- If you’re a student, I’d go with different colors for each school subject.
- If you’re a busy person, I’d go with color coding by time.
Combining multiple color coding methods
You can always combine 2 methods. Here are some examples of good combinations:
- Color coding by category and color coding by level of importance (e.g. the colors you use for your categories and 1 more color for urgent tasks)
- Color coding by time and level of importance
Which is my favorite method?
I tend to use category/task based planning. Because I don’t have kids’ schedules to keep track of, I don’t need to plan by person and keep track of other people’s schedules.
What colors are best for color coding?
When choosing what color coding method, make sure you consider what tools you’ll use to color code. You want to make sure there are enough colors in the tools you need. Pens tend to have the widest range of colors and sticky notes the least.
My favorite color coding tools are:
Especially the Papemate Inkjoy Gel 0.7mm – they’re pricey but come in lots of colors and write really nice – they’re worth the splurge!
The great thing about highlighters is that you can write all the tasks with a single color pen and later you can organize them using highlighters.
Zooms are a cheaper alternative (plus they don’t dry out and tend to come in more colors).
Sticky notes are ideal for recurring tasks.
For blogging I prefer the 2 x 2 Inch size as it has just the write amount of space to track workflow:
Post on how I use sticky notes for blog post planning is coming soon – make sure you subscribe (if you haven’t already) to be notified when that post is published – you’ll also gain access to the free printables library 🙂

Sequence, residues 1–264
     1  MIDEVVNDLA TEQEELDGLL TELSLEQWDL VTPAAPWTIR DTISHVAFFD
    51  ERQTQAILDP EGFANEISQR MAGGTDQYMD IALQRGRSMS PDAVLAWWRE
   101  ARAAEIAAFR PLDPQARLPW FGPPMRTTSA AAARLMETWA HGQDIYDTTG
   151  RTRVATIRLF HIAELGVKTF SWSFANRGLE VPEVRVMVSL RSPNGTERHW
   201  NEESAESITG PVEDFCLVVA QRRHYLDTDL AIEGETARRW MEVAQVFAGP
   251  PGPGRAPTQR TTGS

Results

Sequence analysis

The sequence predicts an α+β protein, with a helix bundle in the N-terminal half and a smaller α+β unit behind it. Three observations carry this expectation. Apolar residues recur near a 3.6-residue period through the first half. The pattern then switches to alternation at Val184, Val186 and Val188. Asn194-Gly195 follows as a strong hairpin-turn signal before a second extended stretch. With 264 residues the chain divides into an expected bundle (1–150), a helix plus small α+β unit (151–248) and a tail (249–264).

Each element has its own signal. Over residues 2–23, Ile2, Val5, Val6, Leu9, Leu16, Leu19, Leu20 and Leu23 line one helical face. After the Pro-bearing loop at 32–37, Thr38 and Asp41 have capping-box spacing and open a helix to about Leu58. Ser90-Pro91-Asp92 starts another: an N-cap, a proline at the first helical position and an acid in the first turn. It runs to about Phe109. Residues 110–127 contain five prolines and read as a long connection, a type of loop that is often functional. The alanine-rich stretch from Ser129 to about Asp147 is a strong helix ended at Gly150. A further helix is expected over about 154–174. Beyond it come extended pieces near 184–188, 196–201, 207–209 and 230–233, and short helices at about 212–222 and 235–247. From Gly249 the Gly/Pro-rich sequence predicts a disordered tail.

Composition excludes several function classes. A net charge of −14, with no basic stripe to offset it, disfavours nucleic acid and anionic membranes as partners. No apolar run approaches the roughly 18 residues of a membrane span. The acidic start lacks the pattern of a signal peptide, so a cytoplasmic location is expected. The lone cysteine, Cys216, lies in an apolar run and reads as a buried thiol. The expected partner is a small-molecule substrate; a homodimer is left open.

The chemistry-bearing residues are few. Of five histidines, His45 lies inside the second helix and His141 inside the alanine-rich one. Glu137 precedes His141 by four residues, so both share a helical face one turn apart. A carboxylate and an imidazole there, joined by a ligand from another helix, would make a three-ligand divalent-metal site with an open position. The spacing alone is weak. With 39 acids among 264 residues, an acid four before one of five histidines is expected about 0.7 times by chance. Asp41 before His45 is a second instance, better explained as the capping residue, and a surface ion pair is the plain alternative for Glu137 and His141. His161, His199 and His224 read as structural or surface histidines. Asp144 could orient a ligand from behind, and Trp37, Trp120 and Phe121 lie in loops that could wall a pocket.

I like using the mini ones for meal planning, individual tasks I want to flag as important and tasks subject to change.
Sticky notes are also great for pre-planning your week – especially if you’re using stickers kits with non-removable stickers. They can be used to plan where you’re going to put things and are ideal if you’re new to planning and aren’t sure how you want to set up your weekly spread.
Planner stickers not only add a pop of color to your planner and look cute, but they can also save a lot of time when planning – it’s easier to stick a sticker than write out tasks – especially recurring tasks. Icon stickers and checklist stickers are my favorite for quick, functional planning.
Sticker can be a bit tricky to color code with as you’ll need to find someone that can either make you an entire sheet of the 1 icon in the colors you use for each category – or you can learn how to make your own planner stickers by clicking here.
Using the anything checklist notes page stickers for monthly planning. The stickers are editable so you can choose your titles before printing (category, time, urgency etc. depending on whcih color coding method you choose to use)
More color coding ideas:
- Planner Organization: How to color-code your planner (so you’ll actually use it effectively)
- Favorite color coding planner supplies for less than $5
- Ultimate list of the best planner pen brands and how to choose colors for color coding
- 50 Category Ideas for Color Coding Your Planner
- How to organize and color code your notes for school, college or university
- Color coded monthly meal planning using sticky notes